Grandparent carer...

Photo courtesy of ©iStockphoto/lammeyer

In our last post on foster care, we lifted the lid on those who open their lives to other people’s children.

We also explored the nature of the sacrifice required from carers.
Many of the comments after the piece were from kinship carers – essentially those who foster children from their own extended family.

This got me thinking about the differences between foster care and kinship care. So I did some digging around. The results of this enquiry had me shocked…

 

Why kinship carers are heroes!…


Kinship carers are those who foster children, just like foster carers. The difference is that the children are part of their extended family. Usually.

They may be aunts and uncles, grandparents, cousins of the child’s parent/s or even elder siblings – being related in some way is the only “qualification” for kinship caring. But there’s more to it than that…

 

Kinship costs…

When social services are alerted to the plight of children needing to be housed away from their parents, the first place they look is to extended family. This is sensible.

Though they may not know each other very well beforehand, at least the carer/s and child/ren may know of each other. Foster carers are strangers. Kinship carers are usually family. But there’s more…

Because the children can’t just move in. Many, though not all, potential kinship carers have to undergo a full and rigorous assessment and approval process first. In fact, they have to “qualify” in the same way that potential foster carers do.

There the similarity ends.

 

“Unsung heroes” because…

  • All change – kinship carers have a sense of obligation towards related children. This is completely understandable. They want to help. But this can weigh heavily. Their lives change. Not in a planned and deliberate way. But because tragedy dictates that there are related children who need their help.
  • No fire exit – foster carers work extremely hard to avoid the need for children to leave their care. But it happens. When things get tough and children cause persistent and challenging difficulties, foster carers can request that children move on. Kinship carers can do this too, in theory. But who could “reject” related children in this way? So they soldier on…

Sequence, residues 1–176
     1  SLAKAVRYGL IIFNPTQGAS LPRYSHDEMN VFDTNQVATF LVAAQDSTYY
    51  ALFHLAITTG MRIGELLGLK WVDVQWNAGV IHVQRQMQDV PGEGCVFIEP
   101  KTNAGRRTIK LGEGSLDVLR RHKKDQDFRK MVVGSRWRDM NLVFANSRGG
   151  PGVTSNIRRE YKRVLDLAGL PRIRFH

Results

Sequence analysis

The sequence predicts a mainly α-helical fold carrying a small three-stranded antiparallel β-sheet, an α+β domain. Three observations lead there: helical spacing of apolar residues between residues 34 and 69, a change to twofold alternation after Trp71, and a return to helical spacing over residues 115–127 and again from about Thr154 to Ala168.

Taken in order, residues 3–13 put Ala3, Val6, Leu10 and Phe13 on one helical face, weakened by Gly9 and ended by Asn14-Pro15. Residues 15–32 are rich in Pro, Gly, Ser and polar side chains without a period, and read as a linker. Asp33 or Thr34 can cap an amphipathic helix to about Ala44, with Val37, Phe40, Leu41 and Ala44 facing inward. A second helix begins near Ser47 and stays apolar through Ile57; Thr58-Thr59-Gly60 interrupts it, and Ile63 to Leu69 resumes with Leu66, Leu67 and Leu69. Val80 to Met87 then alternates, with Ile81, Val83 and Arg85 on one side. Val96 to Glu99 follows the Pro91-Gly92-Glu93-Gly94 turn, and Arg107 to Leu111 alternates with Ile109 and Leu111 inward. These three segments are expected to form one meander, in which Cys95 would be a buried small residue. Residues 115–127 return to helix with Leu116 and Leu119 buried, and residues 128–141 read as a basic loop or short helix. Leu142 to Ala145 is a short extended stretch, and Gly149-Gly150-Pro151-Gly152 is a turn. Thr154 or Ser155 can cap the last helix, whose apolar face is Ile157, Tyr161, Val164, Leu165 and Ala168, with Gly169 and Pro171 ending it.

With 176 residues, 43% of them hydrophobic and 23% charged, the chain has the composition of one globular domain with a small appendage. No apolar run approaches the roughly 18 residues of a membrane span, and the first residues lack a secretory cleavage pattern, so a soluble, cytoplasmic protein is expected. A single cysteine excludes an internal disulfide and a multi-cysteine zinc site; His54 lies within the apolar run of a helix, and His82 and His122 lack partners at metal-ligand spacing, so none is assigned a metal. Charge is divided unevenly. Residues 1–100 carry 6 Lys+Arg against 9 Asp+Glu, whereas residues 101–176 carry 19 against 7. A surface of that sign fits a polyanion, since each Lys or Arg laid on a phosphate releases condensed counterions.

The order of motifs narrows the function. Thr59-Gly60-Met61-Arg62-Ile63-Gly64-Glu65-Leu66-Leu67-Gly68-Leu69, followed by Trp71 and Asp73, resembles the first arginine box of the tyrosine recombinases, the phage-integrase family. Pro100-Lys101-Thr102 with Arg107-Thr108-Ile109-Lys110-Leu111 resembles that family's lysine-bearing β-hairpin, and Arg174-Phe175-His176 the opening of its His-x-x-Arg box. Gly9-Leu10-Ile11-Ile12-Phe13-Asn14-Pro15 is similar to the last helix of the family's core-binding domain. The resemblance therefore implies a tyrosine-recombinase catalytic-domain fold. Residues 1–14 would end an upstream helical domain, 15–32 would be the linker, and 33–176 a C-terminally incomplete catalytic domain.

• No back up – Foster carers can access respite care to give them a break. Kinship carers usually can’t. I’ve even heard of kinship carers say they were told that if they can’t cope, the children will be given to someone who can…
  • Self-help only – kinship carers get little or no support from social services once the children are placed. Having passed the approval process they are left to get on with it. Left to care for children who’ve suffered abuse, loss, trauma, etc. without any professional support to call on.
  • Out of pocket – foster carers get paid. Even when there are no children placed with them, they receive a retainer. This is right. After all caring for children is their job. Kinship carers rarely get any financial support. But their costs rise considerably. I have heard from carers whose caring obligations have meant having to reduce their working hours, or give up work altogether.
  • Out of pension – Some kinship carers have had to give up work later in their careers, sacrificing the most crucial period of their pension savings. Along with the added costs of child care, this leads some carers into significant financial need and can mean some of the most vulnerable children are left in uncertainty.

 

Final thought…

Of course, there’s more to it than this. I can’t do justice to the costs and delights of kinship care in a short blog post.

But it’s important to emphasise the huge hidden costs of stepping in to care for related children or the children of close friends.

Should those who do exactly the same job as foster carers be so disadvantaged when they save the state many millions of pounds each year? I don’t think so.

Look out for a future post on the joys of kinship care…

 

What do you think?

  • Should relatedness impose obligation?
  • Is there a place for the state to pay kinship carers in some way? Why? Why not?

Please let me know your thoughts…   Join in the conversation – Leave a comment below or click here.

 

Info on kinship care…

  • Find a U.K. based kinship carers’ Facebook page here: https://www.facebook.com/kinshipteddy
  • There are a couple of kinship carers’ websites, here:
    • The Family Rights Group helpline 0808 801 0366

 

Please support kinship carers…

 

Related posts…

 

Pass it on…

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(Written with grateful thanks to and with invaluable assistance from Deborah Burns and Karen Steele who responded to my last post on foster care.)